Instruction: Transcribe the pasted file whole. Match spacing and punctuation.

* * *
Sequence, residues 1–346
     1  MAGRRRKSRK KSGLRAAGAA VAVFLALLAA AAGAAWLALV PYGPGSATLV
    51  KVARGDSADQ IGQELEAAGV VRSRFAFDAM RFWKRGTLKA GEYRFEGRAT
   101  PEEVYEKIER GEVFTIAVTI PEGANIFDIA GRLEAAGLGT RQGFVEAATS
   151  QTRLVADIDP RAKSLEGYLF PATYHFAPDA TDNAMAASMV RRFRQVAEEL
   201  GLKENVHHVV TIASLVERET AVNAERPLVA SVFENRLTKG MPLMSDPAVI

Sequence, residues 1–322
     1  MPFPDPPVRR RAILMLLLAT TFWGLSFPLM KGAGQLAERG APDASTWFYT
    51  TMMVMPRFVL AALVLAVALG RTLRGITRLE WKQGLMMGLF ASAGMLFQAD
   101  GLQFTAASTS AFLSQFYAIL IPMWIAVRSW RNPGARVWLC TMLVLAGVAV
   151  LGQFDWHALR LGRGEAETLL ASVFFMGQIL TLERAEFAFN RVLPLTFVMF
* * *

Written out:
Sequence, residues 1–346
     1  MAGRRRKSRK KSGLRAAGAA VAVFLALLAA AAGAAWLALV PYGPGSATLV
    51  KVARGDSADQ IGQELEAAGV VRSRFAFDAM RFWKRGTLKA GEYRFEGRAT
   101  PEEVYEKIER GEVFTIAVTI PEGANIFDIA GRLEAAGLGT RQGFVEAATS
   151  QTRLVADIDP RAKSLEGYLF PATYHFAPDA TDNAMAASMV RRFRQVAEEL
   201  GLKENVHHVV TIASLVERET AVNAERPLVA SVFENRLTKG MPLMSDPAVI

Sequence, residues 1–322
     1  MPFPDPPVRR RAILMLLLAT TFWGLSFPLM KGAGQLAERG APDASTWFYT
    51  TMMVMPRFVL AALVLAVALG RTLRGITRLE WKQGLMMGLF ASAGMLFQAD
   101  GLQFTAASTS AFLSQFYAIL IPMWIAVRSW RNPGARVWLC TMLVLAGVAV
   151  LGQFDWHALR LGRGEAETLL ASVFFMGQIL TLERAEFAFN RVLPLTFVMF